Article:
Explore Pulmonary Hypertension
The World Health Organization divides pulmonary hypertension (PH) into five groups. These groups are organized based on the cause of the condition and treatment options.
In all groups, the average pressure in the pulmonary arteries is 25 mmHg or higher. The pressure in normal pulmonary arteries is 8–20 mmHg at rest.
(Note that group 1 is called pulmonary arterial hypertension (PAH) and groups 2 through 5 are called pulmonary hypertension. However, together all groups are called pulmonary hypertension.)
Group 1 PAH includes:
Group 2 includes PH with left heart disease. Conditions that affect the left side of the heart, such as mitral valve disease or long-term high blood pressure, can cause left heart disease and PH. Left heart disease is likely the most common cause of PH.
Group 3 includes PH associated with lung diseases, such as COPD (chronic obstructive pulmonary disease) and interstitial (IN-ter-STISH-al) lung diseases. Interstitial lung diseases cause scarring of the lung tissue.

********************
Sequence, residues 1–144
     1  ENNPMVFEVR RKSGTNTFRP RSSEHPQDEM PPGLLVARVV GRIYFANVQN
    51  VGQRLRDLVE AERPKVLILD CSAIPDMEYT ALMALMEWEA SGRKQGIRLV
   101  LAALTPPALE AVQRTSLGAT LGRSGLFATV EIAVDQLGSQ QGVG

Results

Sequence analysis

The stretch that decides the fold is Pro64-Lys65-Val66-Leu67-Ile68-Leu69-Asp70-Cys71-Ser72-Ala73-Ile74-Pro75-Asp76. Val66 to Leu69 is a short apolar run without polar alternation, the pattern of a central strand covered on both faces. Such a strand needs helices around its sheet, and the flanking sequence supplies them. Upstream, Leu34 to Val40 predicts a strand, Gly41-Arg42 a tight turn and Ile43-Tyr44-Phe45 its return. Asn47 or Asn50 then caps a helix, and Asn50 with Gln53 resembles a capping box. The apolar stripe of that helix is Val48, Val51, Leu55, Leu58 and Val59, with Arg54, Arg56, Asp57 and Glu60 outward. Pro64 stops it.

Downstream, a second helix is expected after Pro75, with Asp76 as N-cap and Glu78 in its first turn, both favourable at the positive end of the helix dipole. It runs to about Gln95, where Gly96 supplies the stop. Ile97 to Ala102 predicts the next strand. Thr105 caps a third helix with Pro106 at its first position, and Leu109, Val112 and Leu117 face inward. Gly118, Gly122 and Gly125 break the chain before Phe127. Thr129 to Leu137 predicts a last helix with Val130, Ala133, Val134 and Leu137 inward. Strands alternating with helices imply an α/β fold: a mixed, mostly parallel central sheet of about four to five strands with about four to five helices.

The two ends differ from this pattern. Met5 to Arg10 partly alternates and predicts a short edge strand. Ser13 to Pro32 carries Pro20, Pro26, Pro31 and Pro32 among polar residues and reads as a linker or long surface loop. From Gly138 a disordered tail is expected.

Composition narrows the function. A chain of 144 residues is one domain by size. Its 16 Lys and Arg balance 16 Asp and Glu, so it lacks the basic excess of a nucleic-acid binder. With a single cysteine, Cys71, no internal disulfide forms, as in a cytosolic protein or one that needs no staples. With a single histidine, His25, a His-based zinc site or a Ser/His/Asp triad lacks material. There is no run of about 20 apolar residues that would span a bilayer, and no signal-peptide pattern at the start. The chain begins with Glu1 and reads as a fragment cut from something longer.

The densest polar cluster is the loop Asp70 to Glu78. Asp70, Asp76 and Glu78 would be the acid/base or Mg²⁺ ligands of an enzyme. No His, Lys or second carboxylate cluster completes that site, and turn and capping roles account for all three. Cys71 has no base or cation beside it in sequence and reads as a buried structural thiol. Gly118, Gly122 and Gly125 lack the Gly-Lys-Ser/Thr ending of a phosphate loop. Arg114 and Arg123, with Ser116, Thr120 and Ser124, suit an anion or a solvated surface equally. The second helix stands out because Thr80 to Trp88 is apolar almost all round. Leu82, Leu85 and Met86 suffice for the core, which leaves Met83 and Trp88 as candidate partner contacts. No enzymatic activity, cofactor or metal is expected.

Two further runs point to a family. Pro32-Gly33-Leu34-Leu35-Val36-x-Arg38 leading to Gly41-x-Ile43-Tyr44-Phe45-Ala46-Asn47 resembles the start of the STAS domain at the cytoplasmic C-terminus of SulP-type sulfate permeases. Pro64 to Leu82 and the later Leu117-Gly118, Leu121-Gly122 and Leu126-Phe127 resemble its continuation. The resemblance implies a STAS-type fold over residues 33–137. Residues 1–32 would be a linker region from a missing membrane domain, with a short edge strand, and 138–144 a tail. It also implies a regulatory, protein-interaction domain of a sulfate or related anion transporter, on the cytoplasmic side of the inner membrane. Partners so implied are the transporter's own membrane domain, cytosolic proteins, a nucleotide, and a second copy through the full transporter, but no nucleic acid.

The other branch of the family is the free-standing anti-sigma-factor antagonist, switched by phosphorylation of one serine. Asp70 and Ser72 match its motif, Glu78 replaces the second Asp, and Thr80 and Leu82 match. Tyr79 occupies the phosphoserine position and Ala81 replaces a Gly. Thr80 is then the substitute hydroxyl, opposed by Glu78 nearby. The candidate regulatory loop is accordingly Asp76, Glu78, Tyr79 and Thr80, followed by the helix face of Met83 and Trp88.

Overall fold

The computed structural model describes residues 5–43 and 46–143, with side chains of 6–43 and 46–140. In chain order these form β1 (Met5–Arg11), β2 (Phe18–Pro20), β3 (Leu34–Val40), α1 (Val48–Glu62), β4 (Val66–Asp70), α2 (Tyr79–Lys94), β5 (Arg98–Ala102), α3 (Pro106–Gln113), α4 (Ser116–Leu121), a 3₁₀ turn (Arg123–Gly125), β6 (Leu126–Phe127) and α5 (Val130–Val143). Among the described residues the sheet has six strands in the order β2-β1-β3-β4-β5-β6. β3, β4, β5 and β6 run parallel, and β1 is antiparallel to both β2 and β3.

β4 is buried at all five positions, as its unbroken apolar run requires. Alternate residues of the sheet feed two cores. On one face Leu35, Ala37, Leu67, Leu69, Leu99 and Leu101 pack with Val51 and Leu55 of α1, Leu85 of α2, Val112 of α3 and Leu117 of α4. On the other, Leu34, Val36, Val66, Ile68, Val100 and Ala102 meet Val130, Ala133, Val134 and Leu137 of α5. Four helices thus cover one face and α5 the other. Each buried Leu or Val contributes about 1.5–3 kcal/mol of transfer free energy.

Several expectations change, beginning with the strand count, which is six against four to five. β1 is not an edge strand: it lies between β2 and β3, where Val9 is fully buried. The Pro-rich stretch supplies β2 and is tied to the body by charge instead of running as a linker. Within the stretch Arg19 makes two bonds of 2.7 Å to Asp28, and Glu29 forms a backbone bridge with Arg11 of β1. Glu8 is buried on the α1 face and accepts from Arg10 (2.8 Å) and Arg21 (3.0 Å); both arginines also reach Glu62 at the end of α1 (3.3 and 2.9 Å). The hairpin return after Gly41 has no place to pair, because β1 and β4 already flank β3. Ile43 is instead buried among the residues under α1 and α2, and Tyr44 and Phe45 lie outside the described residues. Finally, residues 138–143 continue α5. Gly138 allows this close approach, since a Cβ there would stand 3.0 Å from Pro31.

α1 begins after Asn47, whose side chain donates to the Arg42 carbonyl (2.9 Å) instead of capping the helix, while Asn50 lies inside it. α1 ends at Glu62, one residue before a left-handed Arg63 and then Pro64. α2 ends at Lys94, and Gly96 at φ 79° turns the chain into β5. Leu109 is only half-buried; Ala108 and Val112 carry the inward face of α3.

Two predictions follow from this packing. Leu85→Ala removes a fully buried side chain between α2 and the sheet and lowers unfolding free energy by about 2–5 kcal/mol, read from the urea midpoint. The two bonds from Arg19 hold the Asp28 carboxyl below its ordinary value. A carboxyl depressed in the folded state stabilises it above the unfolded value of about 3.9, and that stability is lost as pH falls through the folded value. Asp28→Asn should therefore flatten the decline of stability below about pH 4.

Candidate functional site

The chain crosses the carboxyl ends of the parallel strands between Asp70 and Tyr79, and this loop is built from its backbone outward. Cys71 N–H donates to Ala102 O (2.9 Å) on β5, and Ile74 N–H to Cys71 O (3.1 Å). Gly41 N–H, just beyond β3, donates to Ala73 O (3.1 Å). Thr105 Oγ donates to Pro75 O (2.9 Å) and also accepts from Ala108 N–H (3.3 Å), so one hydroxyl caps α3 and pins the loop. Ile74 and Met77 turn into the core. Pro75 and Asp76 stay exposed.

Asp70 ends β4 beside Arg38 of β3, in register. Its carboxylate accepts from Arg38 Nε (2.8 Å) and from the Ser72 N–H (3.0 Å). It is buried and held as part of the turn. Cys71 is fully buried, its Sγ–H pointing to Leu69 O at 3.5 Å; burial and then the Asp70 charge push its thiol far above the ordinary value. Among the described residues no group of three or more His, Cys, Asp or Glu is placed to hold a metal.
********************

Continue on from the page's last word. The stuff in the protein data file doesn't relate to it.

Group 3 also includes PH associated with sleep-related breathing disorders, such as sleep apnea.
Group 4 includes PH caused by blood clots in the lungs or blood clotting disorders.
Group 5 includes PH caused by various other diseases or conditions. Examples include:
Clinical trials are research studies that explore whether a medical strategy, treatment, or device is safe and effective for humans. To find clinical trials that are currently underway for Pulmonary Hypertension, visit www.clinicaltrials.gov.
September 2, 2014
Gary H. Gibbons
Researcher Brings Medicine One Step Closer to Widely Available Cure for Sickle Cell Disease
The NHLBI updates Health Topics articles on a biennial cycle based on a thorough review of research findings and new literature. The articles also are updated as needed if important new research is published. The date on each Health Topics article reflects when the content was originally posted or last revised.